Given the evidentiary ambiguity and multiplicity of views, most contemporary Islamic scholars agree that a flexible, context-driven approach should be adopted regarding the permissibility of drums. Some key opinions:

  • Drums may be permissible on festive occasions like Eid, weddings and national holidays, based on hadiths allowing daff on such occasions. Their use should be moderate.
  • In spiritual Sufi gatherings, rhythmic drums can assist in focusing remembrance and devotion for God’s worship.
  • Drums played as profane music or in an environment that encourages vice are clearly prohibited.
  • Youth can be allowed recreational music with drums if it keeps them engaged in a positive activity and away from harm or sin.
  • For women, drums are permissible provided they are not sexualized performers and maintain hijab restrictions.
  • For professional Muslim artists and musicians, drumming is permitted as long as the music aligns with Islamic ethics and values.
  • While drums may be permissible in moderation, they should not become so addictive that they distract from obligatory duties and worship.
  • If different individual Muslim’s opinions clash on drum permissibility, they should discuss the evidence amicably and not declare it clearly haram or halal.
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Why Duff Is Allowed In Islam?

Here are some of the reasons why the Duff is allowed in Islamic traditions, while other types of drums may be prohibited:

  • The Duff has a long history of use in Islamic culture, dating back to the time of the Prophet Muhammad. It is associated with joyful occasions like Eid celebrations and weddings. This establishes it as a more respectable instrument in the Islamic tradition.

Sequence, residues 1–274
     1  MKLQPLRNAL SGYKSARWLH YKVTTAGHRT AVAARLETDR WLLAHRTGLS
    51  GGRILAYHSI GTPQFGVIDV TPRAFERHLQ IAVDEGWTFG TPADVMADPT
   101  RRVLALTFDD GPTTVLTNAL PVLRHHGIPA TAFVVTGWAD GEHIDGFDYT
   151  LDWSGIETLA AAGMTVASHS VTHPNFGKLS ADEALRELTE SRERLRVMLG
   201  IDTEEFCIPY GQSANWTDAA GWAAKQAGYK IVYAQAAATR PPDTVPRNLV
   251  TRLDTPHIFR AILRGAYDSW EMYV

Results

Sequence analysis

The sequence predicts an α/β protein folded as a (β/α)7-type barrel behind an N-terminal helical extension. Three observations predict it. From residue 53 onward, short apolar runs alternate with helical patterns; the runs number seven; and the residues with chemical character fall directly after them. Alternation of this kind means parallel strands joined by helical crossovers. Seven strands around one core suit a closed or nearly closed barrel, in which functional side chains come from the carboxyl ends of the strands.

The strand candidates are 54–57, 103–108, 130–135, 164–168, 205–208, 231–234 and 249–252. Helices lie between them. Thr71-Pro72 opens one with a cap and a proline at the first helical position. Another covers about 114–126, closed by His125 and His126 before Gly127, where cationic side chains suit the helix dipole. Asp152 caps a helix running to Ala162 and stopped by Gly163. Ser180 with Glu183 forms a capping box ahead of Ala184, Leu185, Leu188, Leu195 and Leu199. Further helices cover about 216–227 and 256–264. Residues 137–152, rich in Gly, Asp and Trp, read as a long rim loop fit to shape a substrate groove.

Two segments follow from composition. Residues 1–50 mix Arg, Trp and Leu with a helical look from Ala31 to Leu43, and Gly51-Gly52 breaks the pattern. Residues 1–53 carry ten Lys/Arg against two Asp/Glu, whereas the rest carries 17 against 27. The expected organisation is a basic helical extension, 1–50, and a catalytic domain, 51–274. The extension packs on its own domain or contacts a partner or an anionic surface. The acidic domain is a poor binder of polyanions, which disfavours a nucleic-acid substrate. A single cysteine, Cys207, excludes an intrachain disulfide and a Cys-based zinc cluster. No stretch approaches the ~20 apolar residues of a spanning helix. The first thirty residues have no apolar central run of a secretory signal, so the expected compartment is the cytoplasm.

• The simple, open frame design of the Duff sets it apart from more elaborate drum kits. The Duff is seen as a modest percussion instrument, not associated with immoral practices.
  • The Duff is predominantly used to accompany Islamic nasheeds (vocal songs) and poetry. This aligns it with respectable practices, not sinful or inappropriate entertainment.
  • Playing the Duff moderately and rhythmically is believed to be permissible during Islamic holidays and celebrations. It is a form of remembrance and praise for God.
  • Some scholars argue the Duff is more akin to clapping hands rhythmically, which is allowed in Islam, and different from drums played loudly like musical instruments.
  • The Duff is permitted by some scholars for women, who are prohibited from playing other instruments in front of non-mahram men. This further distinguishes it from haram drums.

In short, the Duff is permitted due to its long association with Islamic traditions, modest design, spiritual purpose, and allowance for women. It is seen in a more favorable light than many other drums and percussion.

Final Verdict

In short, the preponderant opinion among Islamic scholars is that drums are considered haram (impermissible) in Islam. This prohibition is rooted in the Hadith and the stances taken historically by the main schools of Islamic law.

Drums are generally seen as instruments of frivolity associated with immoral practices like drinking, dancing, and intermixing between genders. Their loud sound is also argued to violate principles of modesty and sobriety valued in Islam.

While some contemporary scholars have expressed leniency, most traditional authorities prohibit drums entirely or only allow simple percussion like the duff in restricted contexts.

Arguments to permit drums focus on their spiritual use in some Muslim cultures, but these remain minority opinions. Given the weight of evidence, mainstream Muslim understanding continues to view drums as forbidden, making their use a sinful act in Islam.

This applies to both traditional drum kits as well as hand drums like the darbuka. In light of the predominant scholarly opinion, drums must be considered haram except when expressly allowed by respected Islamic authorities in limited circumstances.


  • Rabeeh Azarmehr

    PhD Student and Graduate Research Assistant My research interests are mainly focused on childhood adversity and the underlying psychosocial mechanisms that can affect youth’s mental health and adjustment.